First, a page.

But after three decades of economic growth, the power surplus has disappeared and cash-strapped state governments can no longer afford massive subsidies and the now-privatized power companies want to sell their output at market rates. Average Australian smelter tariffs are now very close to the non-China world average of $35 per megawatt hour, so local smelters no longer have a significant power cost advantage—and any advantage they do have will erode as legacy power subsidies expire.

A rapidly escalating exchange rate is another factor contributing to the demise of Australia’s aluminum industry. From a trough of Australian 65 cents to the U.S. dollar in February 2009, Australia’s dollar has steadily strengthened (see chart, page 22) and since March 2011 has consistently remained at near-parity with the U.S. dollar. For an industry that exports 85 percent of its production, the stronger currency has been disastrous. Australian-sourced inputs account for more than 90 percent of the cost of producing aluminum, so the stronger currency alone has had the effect of increasing dollar-denominated production costs by more than 50 percent.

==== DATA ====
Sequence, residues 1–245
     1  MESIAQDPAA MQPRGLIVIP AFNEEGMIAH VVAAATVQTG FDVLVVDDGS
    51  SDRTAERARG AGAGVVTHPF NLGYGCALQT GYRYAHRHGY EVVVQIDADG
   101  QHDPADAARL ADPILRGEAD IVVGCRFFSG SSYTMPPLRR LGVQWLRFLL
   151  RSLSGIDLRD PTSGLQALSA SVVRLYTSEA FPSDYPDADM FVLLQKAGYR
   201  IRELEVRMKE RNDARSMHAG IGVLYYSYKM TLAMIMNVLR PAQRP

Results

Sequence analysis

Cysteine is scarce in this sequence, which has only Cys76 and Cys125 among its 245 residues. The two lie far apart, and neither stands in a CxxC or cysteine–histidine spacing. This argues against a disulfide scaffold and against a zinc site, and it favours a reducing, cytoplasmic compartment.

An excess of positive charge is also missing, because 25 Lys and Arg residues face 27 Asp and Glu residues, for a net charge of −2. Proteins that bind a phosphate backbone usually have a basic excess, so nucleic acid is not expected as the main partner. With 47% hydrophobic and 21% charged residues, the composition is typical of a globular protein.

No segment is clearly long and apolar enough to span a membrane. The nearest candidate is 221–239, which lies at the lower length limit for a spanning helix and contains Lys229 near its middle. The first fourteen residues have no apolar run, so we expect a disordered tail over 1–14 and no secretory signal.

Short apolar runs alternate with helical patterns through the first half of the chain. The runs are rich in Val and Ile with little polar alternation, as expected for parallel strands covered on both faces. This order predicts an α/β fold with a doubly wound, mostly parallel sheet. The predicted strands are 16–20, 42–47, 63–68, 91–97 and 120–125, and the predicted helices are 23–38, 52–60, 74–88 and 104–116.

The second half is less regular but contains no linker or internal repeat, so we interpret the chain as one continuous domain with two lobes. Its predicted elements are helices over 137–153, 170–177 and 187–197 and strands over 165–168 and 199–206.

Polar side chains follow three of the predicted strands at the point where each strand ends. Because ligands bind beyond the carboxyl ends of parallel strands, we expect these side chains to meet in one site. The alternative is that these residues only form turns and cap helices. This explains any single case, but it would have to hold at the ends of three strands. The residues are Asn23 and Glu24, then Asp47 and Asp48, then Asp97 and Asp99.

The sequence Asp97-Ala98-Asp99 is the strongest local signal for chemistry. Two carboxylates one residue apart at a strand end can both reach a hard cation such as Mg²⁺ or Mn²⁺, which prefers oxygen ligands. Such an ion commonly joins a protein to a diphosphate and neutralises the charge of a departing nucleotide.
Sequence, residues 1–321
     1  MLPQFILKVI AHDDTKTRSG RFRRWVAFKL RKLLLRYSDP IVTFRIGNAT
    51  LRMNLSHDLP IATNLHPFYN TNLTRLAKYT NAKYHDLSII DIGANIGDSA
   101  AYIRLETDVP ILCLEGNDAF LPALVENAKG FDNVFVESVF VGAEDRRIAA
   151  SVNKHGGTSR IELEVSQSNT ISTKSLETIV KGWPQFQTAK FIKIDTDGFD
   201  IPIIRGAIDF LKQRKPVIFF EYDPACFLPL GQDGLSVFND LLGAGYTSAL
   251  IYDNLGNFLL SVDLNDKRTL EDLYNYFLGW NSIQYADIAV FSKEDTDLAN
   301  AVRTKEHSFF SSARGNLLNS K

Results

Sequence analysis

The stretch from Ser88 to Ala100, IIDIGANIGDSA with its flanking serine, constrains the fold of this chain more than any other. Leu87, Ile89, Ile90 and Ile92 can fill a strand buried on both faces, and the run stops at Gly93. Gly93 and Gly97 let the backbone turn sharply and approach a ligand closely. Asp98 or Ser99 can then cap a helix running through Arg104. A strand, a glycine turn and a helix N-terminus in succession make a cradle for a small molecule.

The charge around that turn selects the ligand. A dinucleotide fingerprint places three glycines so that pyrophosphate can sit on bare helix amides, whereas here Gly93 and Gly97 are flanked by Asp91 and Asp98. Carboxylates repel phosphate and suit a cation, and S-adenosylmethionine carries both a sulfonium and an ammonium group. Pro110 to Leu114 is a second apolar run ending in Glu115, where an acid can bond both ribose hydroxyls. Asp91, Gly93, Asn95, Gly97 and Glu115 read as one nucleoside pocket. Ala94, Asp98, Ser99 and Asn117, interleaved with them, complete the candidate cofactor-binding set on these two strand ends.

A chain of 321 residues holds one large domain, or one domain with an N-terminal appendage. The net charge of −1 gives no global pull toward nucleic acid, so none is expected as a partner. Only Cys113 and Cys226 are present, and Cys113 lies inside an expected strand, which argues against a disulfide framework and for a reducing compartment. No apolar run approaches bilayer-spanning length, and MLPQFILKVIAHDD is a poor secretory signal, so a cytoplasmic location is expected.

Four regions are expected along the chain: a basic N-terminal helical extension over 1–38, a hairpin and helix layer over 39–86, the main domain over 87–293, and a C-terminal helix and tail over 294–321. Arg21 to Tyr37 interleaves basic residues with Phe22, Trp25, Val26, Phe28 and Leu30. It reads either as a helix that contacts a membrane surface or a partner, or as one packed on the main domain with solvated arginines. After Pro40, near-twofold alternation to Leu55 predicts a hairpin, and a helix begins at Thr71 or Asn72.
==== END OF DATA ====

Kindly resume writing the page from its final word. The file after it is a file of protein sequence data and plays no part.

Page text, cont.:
Australia is a classic example of "Dutch disease," a term coined in the 1970s to explain the decline of the Dutch manufacturing industry following the discovery of offshore gas. A boom in natural resource exports results in a currency appreciation, to the detriment of such sectors as manufacturing, in which prices are set internationally. Exporters of manufactured products cannot raise their prices to compensate for a stronger domestic currency. In Australia, booming mineral exports have driven up the currency to the disadvantage of manufacturers, including aluminum producers.